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Watchdog: Police plan to clean Lafayette Square ahead of Trump photoshoot


A federal watchdog said on Wednesday that US parks police had planned to evacuate protesters from a park near the White House long before they learned that President Donald J. Trump was going for a walk in the park. region.

Home Department Inspector General’s report concluded that “the evidence did not support a conclusion” that park police cleared the park just for Mr. Trump, who walked through the park on June 1 of last year before posing for photos in front of St. John’s Episcopal Church holding a Bible.

The explosion of violence in Lafayette Park, which came at the height of the racial justice protests last summer, has become one of the defining moments of the Trump presidency. Protesters in the shadow of the White House were repulsed with smoke and lightning grenades and chemical sprays deployed by shielded riot officers and mounted police.

The interior ministry inspector general’s 30-page report offers new details on the park’s police decision-making. And the sequence of events described in the report suggests the area clean-up operation turned violent shortly after park police were notified of Mr. Trump’s arrival.

But the author of the report was careful to warn that it should not be taken as a final account of the day, in part because so many law enforcement agencies were involved. Inspector General Mark L. Greenblatt noted that it was not within his purview to investigate what the Secret Service and other law enforcement agencies knew and who may have told them. ordered to use force to clean up the park.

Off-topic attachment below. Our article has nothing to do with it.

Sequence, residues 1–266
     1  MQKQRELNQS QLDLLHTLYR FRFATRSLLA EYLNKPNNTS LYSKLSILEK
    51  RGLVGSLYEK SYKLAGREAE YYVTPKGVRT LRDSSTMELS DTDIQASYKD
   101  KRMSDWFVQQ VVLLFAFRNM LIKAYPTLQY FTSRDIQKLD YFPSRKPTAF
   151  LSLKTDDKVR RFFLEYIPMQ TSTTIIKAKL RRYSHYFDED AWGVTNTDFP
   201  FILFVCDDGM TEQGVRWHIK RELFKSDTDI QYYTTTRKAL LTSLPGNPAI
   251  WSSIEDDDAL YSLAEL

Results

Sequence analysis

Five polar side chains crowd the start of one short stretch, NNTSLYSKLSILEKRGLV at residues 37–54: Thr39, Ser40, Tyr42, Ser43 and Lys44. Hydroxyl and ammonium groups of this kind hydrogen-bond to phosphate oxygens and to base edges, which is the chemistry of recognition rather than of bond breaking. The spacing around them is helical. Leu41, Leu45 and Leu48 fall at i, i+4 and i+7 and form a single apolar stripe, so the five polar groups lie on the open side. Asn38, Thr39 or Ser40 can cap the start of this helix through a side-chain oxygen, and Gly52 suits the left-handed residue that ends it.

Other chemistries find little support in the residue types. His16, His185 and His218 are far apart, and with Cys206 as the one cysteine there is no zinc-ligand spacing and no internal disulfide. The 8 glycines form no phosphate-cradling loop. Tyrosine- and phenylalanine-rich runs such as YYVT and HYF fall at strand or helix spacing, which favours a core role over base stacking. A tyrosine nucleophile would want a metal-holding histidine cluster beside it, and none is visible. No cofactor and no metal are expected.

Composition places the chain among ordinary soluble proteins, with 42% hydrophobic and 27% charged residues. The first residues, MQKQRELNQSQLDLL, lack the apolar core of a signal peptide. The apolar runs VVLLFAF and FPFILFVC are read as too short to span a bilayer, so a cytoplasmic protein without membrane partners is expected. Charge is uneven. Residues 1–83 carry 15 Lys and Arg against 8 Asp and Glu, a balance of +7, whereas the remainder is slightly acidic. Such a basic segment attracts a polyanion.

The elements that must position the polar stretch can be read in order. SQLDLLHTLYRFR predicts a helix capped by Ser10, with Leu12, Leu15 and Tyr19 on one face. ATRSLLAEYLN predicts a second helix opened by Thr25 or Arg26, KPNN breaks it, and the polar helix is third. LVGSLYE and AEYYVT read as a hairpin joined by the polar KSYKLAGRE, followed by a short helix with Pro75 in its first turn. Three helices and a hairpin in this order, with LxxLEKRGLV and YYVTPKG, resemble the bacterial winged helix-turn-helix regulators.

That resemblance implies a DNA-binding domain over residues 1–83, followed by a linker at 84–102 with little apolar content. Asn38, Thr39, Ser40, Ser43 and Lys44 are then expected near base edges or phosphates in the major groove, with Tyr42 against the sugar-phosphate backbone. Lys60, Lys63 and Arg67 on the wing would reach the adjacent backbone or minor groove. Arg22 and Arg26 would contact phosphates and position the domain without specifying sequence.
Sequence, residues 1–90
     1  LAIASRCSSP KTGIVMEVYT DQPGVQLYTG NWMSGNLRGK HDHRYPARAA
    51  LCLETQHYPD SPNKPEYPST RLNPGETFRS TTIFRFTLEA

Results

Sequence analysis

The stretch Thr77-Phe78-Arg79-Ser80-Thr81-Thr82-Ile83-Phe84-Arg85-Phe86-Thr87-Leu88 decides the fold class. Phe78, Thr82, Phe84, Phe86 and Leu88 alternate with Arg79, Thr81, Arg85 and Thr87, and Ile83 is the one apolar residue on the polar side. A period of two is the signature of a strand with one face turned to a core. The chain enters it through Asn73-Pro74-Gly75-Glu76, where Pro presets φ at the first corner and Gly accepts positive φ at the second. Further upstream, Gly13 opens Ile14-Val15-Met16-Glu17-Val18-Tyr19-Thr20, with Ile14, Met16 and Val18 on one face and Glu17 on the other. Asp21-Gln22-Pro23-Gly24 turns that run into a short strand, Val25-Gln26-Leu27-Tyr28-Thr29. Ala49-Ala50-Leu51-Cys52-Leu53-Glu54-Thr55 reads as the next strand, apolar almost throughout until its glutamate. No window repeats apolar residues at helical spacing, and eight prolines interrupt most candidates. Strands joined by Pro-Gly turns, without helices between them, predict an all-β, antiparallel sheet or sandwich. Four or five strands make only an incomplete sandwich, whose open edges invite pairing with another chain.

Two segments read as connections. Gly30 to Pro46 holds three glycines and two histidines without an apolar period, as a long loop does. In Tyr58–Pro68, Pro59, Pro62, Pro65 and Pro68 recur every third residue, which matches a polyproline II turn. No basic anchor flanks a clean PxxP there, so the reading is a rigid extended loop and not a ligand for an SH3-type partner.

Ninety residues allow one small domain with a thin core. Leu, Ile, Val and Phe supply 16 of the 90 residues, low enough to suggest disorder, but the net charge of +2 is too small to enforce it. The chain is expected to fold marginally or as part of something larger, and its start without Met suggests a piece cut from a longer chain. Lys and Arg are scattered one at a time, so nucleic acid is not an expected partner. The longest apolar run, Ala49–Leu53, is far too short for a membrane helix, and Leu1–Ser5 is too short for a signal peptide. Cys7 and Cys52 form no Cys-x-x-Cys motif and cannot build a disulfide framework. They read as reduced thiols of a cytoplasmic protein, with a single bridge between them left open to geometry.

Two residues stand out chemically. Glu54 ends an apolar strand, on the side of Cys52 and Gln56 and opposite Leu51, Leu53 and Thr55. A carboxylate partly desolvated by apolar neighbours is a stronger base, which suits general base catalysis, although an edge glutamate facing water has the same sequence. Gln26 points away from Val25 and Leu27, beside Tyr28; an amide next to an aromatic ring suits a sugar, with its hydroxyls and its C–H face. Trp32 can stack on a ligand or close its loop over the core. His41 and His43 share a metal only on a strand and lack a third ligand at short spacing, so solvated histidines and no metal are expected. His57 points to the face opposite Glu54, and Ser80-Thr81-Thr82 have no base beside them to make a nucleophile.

“It was a full review of everything in our jurisdiction,” Mr. Greenblatt said in an interview. “What is unfortunate is that it is not all within our purview.”

The long-awaited report was ordered by congressional lawmakers and former Home Secretary David Bernhardt to find out why park police dispersed the protesters and whether he had been ordered to help organize a presidential photo op.

According to the report, park police were planning to clean up the park so that contractors could put up new fences around the area.

But protesters were allowed to gather there all day anyway. Mr Greenblatt said it was because authorities were waiting for the contractors to arrive and enough law enforcement officers showed up to be able to clean up the park. This happened around 5:30 p.m., less than an hour before William P. Barr, the then attorney general, came to inspect the area himself.

Evidence showed that park police were not aware of Mr. Trump’s plan to walk through the park until “mid or late afternoon on June 1 – hours after they began to elaborate. its operational plan and that the fence contractor had arrived in the park, ”the report said.

The park’s police operations chief learned of Mr. Trump’s plan when Mr. Barr came to inspect the area, according to the report.

“Will these people still be there when POTUS [President of the United States] fate? Mr Barr asked, according to the report.

The COO replied to Mr. Barr, “Are you kidding me?” Then lowered his head and walked away, according to the report.

Soon after, the confrontation turned violent.

Other agencies involved that day included the National Guard, Capitol Police, and the Bureau of Alcohol, Tobacco, Firearms and Explosives.

Mr Greenblatt noted that the Secret Service began their efforts to clean up the park before the park police issued their first dispersal warning. In a footnote, the report called the decision “operationally contrary to the plan.”

Mr. Trump released a statement Wednesday thanking the Inspector General for what he called “completely and totally exonerating me in the Lafayette Park glade!”

In an interview, Mr. Greenblatt said he didn’t appreciate the comment.

“It’s uncomfortable for me,” he said. “We are independent of any political administration. It is not at all a comfortable base for anyone in my community. “



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